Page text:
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SAP Business ByDesign User Reviews


SAP Business ByDesign Back To The Drawing Board

Following the public relations blitz organized by SAP in September 2007 in which SAP CEO, Henning Kagermann, boasted that SAP would release an on-demand ERP software solution and acquire 1000 customers in 2008, the German software CEO now says in May 2008 that the product has incurred significant user, architectural and performance problems and may be delayed until 2009 or 2010.

In an April 30 conference call, CEO Kagermann said that SAP is cutting back on the development of the Business ByDesign hosted software product because of negative customer feedback. An SAP developer told a German newspaper the week prior that the software was suffering from performance problems and excessive bugs. Other reports have indicated that the solution bears user challenges and severe implementation difficulties.

"We decided this is the right time to adjust the pace," Henning Kagermann said. "We have a brand-new product, we have live [beta] customers and the market likes the concept. We have learned we need more time to take additional steps toward optimizing the end-to-end process of delivering, selling and running the solution." CEO Kagermann went on to say that SAP will not reach its first goal of 1,000 customer engagements in 2008 and that "We expect the rollout to take 12 to 18 months longer." Assuming that Kagermann's estimate is a best case scenario, that would bring the German software maker's on-demand ERP software solution to market more than two years after it's official unveiling.

Analyst firm Forrester believes the slowdown with Business ByDesign is in part due to SAP's new chief operating officer, who is taking a harder line with expense controls and challenging lines of business not affiliated with the company's flagship product. According to Forrester principal analyst Ray Wang, SAP has reduced investment in the product by about 100 million euros or $155 million in 2008. It's only obvious that decreasing the software investment in a hosted product that in incurring increased technical problems puts the entire product line at risk of never reaching the market.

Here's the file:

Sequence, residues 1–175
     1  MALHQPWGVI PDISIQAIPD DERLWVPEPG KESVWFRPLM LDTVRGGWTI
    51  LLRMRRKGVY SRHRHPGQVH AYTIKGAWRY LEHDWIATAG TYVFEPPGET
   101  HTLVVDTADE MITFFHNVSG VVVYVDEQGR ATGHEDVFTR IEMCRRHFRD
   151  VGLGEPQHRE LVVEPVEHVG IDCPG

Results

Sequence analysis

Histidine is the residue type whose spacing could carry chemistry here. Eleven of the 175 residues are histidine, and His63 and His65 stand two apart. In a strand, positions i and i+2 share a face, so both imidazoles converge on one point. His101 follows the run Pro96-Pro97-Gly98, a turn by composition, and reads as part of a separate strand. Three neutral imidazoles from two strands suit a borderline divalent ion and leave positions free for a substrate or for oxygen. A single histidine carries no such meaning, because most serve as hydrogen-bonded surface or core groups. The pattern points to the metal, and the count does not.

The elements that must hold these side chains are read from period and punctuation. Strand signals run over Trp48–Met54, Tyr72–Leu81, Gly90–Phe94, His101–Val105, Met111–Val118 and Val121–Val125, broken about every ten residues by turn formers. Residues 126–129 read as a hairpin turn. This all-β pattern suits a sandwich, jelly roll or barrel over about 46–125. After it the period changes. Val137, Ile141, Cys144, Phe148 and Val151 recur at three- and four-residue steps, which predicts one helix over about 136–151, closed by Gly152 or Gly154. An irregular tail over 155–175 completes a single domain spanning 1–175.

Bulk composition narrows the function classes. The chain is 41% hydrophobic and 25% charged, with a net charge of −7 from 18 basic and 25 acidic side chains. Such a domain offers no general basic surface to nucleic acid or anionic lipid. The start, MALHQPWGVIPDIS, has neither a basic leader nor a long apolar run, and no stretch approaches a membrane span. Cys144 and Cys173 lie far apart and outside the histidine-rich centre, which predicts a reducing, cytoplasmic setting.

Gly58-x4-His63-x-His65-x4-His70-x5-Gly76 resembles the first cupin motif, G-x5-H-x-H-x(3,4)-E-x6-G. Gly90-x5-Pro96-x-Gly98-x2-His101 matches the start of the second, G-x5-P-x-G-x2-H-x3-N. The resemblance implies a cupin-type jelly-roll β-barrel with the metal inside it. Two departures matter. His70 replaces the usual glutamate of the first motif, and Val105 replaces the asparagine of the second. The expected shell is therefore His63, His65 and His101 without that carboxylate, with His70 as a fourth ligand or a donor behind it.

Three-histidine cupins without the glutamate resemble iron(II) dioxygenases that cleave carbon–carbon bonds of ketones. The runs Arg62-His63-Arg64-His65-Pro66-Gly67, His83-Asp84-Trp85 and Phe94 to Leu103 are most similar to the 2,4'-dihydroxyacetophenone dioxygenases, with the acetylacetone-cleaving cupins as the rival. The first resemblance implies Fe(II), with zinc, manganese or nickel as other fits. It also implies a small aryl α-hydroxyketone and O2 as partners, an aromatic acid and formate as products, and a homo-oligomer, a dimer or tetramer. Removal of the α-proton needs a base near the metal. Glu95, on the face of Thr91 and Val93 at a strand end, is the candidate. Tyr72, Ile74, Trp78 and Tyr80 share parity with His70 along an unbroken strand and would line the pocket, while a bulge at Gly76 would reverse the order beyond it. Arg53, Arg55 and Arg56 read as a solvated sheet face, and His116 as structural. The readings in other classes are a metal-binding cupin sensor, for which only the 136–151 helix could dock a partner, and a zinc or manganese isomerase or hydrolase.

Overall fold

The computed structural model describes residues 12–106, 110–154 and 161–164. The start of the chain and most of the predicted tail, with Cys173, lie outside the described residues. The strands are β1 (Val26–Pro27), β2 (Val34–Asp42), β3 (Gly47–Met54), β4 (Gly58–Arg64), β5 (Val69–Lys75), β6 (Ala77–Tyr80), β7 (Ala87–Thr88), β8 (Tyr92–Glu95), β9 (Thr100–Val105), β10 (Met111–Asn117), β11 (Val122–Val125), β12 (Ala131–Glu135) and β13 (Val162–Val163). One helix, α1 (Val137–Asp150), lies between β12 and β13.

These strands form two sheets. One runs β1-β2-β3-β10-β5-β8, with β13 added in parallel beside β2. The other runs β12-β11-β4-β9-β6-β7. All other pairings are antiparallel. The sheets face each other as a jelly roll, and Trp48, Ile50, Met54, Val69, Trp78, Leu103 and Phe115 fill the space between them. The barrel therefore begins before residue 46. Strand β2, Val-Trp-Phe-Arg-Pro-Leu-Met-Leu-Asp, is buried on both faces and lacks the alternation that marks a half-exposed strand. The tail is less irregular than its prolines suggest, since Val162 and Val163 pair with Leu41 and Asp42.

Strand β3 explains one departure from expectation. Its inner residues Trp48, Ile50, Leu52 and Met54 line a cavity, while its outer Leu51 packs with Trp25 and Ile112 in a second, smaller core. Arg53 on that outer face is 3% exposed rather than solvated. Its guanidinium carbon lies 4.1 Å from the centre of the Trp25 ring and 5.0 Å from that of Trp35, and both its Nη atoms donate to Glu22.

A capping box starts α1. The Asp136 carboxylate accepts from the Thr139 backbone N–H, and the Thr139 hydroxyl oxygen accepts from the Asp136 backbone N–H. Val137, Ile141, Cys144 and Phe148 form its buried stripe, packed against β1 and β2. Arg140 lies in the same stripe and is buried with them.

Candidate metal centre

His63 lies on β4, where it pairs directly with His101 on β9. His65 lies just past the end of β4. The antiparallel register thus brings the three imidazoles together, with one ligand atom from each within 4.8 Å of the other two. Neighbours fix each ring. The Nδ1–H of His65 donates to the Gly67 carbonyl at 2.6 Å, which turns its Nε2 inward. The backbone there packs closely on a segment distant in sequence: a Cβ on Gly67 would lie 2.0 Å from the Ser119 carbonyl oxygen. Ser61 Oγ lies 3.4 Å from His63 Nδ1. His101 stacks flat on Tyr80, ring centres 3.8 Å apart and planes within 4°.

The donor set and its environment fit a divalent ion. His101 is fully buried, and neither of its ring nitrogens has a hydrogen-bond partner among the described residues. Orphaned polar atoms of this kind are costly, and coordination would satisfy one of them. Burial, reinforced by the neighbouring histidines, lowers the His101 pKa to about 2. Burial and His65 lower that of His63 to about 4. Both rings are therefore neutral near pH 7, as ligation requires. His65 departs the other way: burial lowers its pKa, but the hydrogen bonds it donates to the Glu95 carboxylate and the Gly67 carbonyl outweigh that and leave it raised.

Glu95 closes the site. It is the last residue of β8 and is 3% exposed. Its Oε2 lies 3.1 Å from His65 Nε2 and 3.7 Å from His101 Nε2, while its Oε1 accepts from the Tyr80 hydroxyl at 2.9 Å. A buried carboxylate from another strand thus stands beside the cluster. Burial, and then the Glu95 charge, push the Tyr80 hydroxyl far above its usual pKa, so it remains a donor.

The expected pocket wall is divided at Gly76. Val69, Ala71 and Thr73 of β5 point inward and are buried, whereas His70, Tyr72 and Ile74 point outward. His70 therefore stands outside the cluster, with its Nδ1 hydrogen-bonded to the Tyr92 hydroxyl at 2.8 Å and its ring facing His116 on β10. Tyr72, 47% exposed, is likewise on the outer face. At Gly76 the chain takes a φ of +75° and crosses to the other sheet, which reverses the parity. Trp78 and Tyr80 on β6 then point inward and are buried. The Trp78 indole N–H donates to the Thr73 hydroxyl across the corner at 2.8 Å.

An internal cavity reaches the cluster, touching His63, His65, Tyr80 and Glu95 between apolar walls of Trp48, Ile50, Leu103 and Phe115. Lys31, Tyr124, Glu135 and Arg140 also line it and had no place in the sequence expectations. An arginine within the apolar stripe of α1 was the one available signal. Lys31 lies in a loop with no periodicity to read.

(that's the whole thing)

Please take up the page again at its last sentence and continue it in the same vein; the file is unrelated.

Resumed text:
Never shy to tout SAP's shortcomings with hosted software solutions, NetSuite CEO Zach Nelson chimed in by writing an email which stated, "This delay indicates there is something seriously wrong at SAP, given this is the third missed date. I think the delay has to do with the fact that they have built the product around multiple data silos rather than using the NetSuite approach of a single data model to support the application. When they do finally come to market (maybe IF they come to market), and Business ByDesign has multiple data stores, the product will be dead on arrival."

NetSuite's CEO may have some valid points. SAP's commitment and investment to the SaaS industry has been mixed and erratic. Further, when it comes to software as a service, the company's actions often do not match their words. The enterprise software giant initially chastised and dismissed the entire on-demand business software industry, however, ultimately found themselves fighting a losing battle and announced their own hosted software solution (initially called A1S and later renamed to Business ByDesign). SAP's on-demand strategy is seen by many as a defensive tactic intended to slow the client attrition being lost to SaaS pure plays such as and NetSuite as well as use an on-demand product as a customer acquisition tool with the potential to later migrate those customers to the company's flagship on-premise solutions.

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